Sonny Stitt was born in Boston but grew up in Saginaw, Michigan. He came from an extremely musical family — his father taught music at the college level, his brother was a concert pianist, and his sister was a singer — and his own training began on piano at age seven. Shortly thereafter he switched to clarinet. He left home for life on the road early, touring with Tiny Bradshaw before joining the legendary Billy Eckstine orchestra in 1945. A year later he was participating in some of the early, classic bebop recording sessions with Kenny Clarke, Dizzy Gillespie, Bud Powell, Fats Navarro, and other giants.
Stitt worked exclusively on the alto saxophone on these early recordings; yet there was more to Stitt than his command of one horn. He began performing on the tenor in 1949 (in an effort, according to some, to distance himself musically from Charlie Parker), and he immediately became a leading influence on the larger saxophone. Stitt brought the same effortless facility to bear on the tenor plus a more relaxed attack that suggested his affinity with Lester Young. Stitt was a complete saxophone virtuoso, who recorded several impressive solos on baritone in the Fifties.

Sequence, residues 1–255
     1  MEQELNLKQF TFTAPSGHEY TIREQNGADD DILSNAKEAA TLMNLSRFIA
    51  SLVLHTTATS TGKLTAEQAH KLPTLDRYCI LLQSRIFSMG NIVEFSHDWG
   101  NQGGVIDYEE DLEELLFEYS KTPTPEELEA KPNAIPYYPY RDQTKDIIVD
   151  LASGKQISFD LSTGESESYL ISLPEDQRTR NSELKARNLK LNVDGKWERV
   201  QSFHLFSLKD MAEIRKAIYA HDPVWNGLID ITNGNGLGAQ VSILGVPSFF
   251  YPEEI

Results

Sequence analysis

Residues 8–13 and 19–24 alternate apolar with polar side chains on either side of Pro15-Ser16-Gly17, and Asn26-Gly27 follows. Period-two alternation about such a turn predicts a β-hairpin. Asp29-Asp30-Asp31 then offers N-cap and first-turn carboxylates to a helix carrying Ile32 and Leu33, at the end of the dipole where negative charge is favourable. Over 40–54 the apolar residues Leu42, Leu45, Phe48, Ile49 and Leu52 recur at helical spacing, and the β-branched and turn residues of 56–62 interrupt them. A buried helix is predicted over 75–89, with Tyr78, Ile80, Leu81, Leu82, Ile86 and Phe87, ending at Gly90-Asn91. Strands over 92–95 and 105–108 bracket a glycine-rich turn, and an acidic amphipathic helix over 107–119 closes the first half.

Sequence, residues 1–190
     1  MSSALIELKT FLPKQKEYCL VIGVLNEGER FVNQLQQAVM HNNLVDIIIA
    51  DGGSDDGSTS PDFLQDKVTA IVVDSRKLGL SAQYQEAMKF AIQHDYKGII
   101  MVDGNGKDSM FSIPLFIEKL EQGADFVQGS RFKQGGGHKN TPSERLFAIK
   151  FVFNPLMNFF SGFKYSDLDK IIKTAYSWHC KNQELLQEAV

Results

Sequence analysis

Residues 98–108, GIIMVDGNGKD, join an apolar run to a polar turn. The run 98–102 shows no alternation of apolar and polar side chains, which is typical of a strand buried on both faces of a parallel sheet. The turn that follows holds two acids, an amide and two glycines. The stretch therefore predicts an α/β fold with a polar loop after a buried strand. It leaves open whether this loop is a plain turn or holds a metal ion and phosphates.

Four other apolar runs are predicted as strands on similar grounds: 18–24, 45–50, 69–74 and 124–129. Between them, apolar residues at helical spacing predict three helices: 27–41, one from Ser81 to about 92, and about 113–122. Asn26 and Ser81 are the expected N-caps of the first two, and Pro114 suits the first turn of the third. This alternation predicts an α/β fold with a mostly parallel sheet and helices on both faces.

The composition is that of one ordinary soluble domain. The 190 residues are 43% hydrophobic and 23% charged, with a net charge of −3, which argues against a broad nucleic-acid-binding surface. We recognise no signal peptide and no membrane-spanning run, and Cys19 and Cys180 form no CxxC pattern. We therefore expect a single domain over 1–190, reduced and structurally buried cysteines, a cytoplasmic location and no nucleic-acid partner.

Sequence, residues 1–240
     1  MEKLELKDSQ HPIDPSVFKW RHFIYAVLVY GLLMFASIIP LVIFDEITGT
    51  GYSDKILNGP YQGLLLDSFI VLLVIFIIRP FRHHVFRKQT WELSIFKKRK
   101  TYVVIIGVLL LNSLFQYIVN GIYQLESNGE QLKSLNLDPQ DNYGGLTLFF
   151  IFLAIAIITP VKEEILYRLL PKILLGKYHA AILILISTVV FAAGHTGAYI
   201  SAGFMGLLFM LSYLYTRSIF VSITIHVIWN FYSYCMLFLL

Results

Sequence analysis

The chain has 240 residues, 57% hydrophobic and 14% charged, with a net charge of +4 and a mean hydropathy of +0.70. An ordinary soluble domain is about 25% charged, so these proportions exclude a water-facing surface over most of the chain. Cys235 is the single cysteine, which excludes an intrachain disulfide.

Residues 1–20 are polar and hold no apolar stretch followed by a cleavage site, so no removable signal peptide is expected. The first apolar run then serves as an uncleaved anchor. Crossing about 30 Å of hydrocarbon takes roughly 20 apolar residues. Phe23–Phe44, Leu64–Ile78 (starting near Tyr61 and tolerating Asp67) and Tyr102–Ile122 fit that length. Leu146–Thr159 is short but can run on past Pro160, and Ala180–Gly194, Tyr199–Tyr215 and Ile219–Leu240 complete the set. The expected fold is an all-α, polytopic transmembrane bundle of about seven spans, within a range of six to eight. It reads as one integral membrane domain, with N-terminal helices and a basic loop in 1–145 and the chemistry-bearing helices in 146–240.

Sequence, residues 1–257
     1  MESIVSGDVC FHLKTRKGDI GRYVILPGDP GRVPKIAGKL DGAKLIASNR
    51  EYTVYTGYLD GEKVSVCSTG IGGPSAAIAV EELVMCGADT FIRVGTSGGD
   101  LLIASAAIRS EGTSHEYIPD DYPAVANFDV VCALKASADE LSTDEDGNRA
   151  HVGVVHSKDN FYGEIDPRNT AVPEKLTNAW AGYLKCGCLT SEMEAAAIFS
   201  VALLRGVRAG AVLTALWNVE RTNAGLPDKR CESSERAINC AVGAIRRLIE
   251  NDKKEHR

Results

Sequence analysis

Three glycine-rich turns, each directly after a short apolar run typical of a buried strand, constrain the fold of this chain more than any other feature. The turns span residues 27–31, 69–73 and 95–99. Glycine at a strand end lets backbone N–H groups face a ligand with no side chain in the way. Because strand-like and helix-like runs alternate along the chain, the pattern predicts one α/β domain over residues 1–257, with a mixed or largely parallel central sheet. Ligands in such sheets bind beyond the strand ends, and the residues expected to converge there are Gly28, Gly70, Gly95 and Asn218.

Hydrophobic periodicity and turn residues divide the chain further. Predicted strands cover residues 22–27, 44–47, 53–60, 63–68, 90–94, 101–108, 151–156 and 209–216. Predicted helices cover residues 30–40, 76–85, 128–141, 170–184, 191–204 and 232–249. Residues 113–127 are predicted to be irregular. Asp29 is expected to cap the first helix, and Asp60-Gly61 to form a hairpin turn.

Stitt often worked with pickup bands as he toured, continuing his odyssey until his death. In his final decades he introduced the electric Varitone saxophone, worked extensively in the funky organ-group setting, and participated in such further all-star gatherings as the Giants of Jazz, which included Art Blakey, Dizzy Gillespie, and Thelonious Monk. He was a true road warrior and blowing demon to the end, never failing to provide a lesson to any younger player who dared to test him on the bandstand.
Excerpted from Sonny Stitt Verve Jazz Masters 50